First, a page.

In conclusion, the Tesco story is not merely about its success in market leadership, but more significantly, it is a lesson about how to make loyalty marketing work. Tesco proves that a retailer can mass-customize to suit the needs of consumers of every type, taste, income, and age. And instead of doing so based just on good hunches about its shoppers, Tesco actually knows what individual customers actively choose and prefer because it has empirical data. So, Tesco’s ability to transform customer data into profitable marketing knowledge not only made its loyalty program successful, but it also led to the development of successful new businesses.

Tesco’s Clubcard Success

In the 1990s, Tesco faced stiff competition in the grocery industry, threatened by more innovative and customer-oriented rivals. To revive its fortunes, Tesco hired Grant Harrison, who developed the Clubcard loyalty program. The program aimed to change customers’ behavior while appealing to their emotions. The launch of Clubcard was unprecedented, as no other British supermarket had a data-driven customer membership program. The program required high levels of customer interaction, and early experiments represented a clean break from Tesco’s cultural and fiscal past. The program was seen as a risky strategy, politically and culturally. However, the success of Clubcard is demonstrated by the over eight million significant variations of the mailing based on customer behavior. Clubcard was a significant factor in Tesco’s success, which saw Tesco rise from an also-ran in the grocery industry to market leader.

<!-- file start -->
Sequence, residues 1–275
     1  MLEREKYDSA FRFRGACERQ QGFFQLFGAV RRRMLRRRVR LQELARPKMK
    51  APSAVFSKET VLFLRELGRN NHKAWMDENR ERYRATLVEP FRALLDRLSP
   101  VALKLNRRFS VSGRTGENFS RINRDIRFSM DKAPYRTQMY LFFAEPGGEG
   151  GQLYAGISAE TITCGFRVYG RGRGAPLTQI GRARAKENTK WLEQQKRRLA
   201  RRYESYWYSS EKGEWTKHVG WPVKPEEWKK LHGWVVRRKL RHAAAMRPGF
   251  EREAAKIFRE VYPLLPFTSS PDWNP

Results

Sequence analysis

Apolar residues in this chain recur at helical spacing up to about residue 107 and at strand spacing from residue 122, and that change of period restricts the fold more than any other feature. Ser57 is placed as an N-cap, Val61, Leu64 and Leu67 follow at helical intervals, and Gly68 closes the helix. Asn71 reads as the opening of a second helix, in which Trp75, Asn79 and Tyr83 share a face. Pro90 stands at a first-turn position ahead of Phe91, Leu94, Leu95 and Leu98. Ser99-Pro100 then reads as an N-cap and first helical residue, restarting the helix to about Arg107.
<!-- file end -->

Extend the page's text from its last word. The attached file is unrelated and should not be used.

Tesco’s Successful Clubcard Experiment

Tesco’s introduction of Clubcard loyalty program, which analyzed customer data to provide insights into shopping behavior and offer personalized promotions, resulted in a surge in sales and allowed the company to become the UK’s top grocer.

Tesco’s Clubcard loyalty program was introduced after data analysis provided insight into customer behavior, revealing that a few customers accounted for a significant portion of the company’s profitability. Clubcard data allowed Tesco to break down purchases by spending and department, revealing that customers mainly patronized certain departments and that rivals in some areas were stealing customers and eroding sales.

In a trial run at 14 Tesco stores, personalized promotions offered through Clubcard showed exceptional results, with coupon redemption rates topping 70% and recipients’ spending rising 4%. The program allowed Tesco to engage with its customers on a personal level, with invitations to events and offers provided to specific groups based on their purchasing history.

The success of the Clubcard experiment led to its rollout nationally within 12 weeks. Clubcards were delivered to stores, with over 70% of sales being recorded and matched to Clubcard holders within days of launch. The program resulted in a 1.6% increase in sales, settling into a gain of more than 2%. The rollout encouraged some customers to spend 28% more at Tesco.

Tesco’s program remained ahead of its competitors, enabling it to keep innovating with new offers and refine its marketing strategies as more information was obtained from Clubcard data. The use of Clubcard data allowed Tesco to gain unique insights into customer behavior, and in some cases, know more about its customers in a few months than it did over 30 years of existence.

Clubcard ultimately led to a complete change in Tesco’s advertising strategy, replacing expensive TV campaigns with individually targeted, Clubcard communications. Tesco’s success with Clubcard allowed it to become the UK’s top grocer and cemented the importance of analyzing customer data to personalize promotions.